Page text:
My schedule always changed every semester but the goal was always the same.
For my full 15-credit semesters, I aimed to get in about 25 hours of studying each week and then amped it up to 40-55 hours during finals week.
When I did that, I always got straight A’s. I didn’t have to hope and pray (although I did anyway because I’m a believer haha).
Straight A’s was a given because I put in the work during the semester.
If you’re a full-time student, I highly encourage you to also aim to put in at least 25 hours a week. If you do that, I am confident your next transcript will be all A’s too!
6. Get a Study Buddy who Can Tutor You In the Classes That You’re Struggling In
Among all the study tips for college, getting a study buddy is probably the most underused strategy amongst college students.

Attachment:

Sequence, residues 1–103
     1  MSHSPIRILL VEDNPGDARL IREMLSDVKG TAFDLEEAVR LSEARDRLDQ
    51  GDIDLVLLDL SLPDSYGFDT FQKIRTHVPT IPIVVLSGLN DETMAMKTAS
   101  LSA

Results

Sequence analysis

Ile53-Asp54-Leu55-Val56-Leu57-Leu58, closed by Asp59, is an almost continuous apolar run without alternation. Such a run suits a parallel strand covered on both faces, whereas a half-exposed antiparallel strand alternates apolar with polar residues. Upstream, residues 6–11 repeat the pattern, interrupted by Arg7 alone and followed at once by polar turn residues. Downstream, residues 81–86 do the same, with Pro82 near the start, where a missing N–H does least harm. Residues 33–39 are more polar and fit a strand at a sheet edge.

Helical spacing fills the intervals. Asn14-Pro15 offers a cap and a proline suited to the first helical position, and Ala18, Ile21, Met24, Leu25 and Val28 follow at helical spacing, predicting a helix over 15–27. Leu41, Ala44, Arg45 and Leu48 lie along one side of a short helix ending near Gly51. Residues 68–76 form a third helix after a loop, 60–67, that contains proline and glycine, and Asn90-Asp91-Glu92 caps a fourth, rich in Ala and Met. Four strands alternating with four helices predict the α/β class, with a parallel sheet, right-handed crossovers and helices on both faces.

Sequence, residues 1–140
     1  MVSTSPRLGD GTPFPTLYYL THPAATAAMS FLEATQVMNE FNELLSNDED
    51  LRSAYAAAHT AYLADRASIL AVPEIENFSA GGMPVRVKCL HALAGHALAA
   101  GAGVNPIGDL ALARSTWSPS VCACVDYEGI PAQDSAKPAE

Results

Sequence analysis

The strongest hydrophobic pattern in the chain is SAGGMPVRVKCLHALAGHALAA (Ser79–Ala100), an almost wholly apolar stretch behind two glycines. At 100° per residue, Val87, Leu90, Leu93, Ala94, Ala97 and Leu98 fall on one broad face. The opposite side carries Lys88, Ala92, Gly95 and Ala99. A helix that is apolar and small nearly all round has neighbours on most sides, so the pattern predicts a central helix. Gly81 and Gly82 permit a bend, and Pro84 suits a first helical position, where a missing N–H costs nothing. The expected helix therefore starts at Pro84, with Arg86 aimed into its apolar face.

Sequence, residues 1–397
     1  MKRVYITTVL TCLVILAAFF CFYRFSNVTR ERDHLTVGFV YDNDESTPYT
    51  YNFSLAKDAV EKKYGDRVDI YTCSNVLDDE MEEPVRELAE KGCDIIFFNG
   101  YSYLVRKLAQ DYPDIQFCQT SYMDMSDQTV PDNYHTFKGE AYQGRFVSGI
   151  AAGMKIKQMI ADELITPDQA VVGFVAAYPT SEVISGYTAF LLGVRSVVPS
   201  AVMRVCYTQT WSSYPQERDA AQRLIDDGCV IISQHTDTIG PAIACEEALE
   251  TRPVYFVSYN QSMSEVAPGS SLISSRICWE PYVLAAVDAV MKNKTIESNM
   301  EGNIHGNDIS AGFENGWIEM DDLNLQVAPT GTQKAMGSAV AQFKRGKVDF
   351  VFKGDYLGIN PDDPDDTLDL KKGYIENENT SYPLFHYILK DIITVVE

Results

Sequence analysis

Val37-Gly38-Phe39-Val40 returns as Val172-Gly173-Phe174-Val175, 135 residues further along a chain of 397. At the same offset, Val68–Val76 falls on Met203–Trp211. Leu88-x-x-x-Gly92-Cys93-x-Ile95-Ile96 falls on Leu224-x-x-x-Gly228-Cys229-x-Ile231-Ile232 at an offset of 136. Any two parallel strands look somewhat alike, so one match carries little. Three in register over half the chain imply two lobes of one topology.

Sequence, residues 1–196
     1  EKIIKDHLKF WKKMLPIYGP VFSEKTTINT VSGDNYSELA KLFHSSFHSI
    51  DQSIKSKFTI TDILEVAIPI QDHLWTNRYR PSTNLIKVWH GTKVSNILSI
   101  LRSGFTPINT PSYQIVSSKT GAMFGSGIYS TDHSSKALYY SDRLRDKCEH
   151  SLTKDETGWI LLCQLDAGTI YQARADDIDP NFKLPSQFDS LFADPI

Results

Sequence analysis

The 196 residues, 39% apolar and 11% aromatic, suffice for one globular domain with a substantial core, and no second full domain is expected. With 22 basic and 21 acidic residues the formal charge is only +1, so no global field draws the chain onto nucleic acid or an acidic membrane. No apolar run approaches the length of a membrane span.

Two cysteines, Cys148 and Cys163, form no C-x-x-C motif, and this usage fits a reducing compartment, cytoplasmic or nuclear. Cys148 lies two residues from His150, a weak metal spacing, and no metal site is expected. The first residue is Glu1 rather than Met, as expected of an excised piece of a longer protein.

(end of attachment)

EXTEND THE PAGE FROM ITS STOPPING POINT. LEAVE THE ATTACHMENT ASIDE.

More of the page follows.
However, it was a strategy that I most definitely used because not every subject came easy to me.
Some A’s I got were hard, “petal to the medal,” “please Lord Jesus help me,” “Hey you (fellow classmate), can you explain this to me” type of A’s.
If you find yourself in this situation, find a classmate who is comfortable in the subject to be your study buddy, and don’t wait too late to do it either.
The students “who get it” hate it when “the lost ones” wait until right before an exam to reach out to them.
It’s hard to teach someone in just a few hours methods and concepts that have taken them weeks to master. Plus, the students “who gets it” need time to study for the exam too!!
So ask for help at the beginning of the semester. Preferably after the first exam so you have proof that your future study buddy knows what he/she is doing. More likely than not, your classmate will be flattered you asked and more than happy to help.
Of course, finding a study buddy may be hard to find if you are studying from home, but it’s not impossible.
If that’s you, I highly recommend that you send out a blast email to your classmates letting them know that you are looking for a study buddy.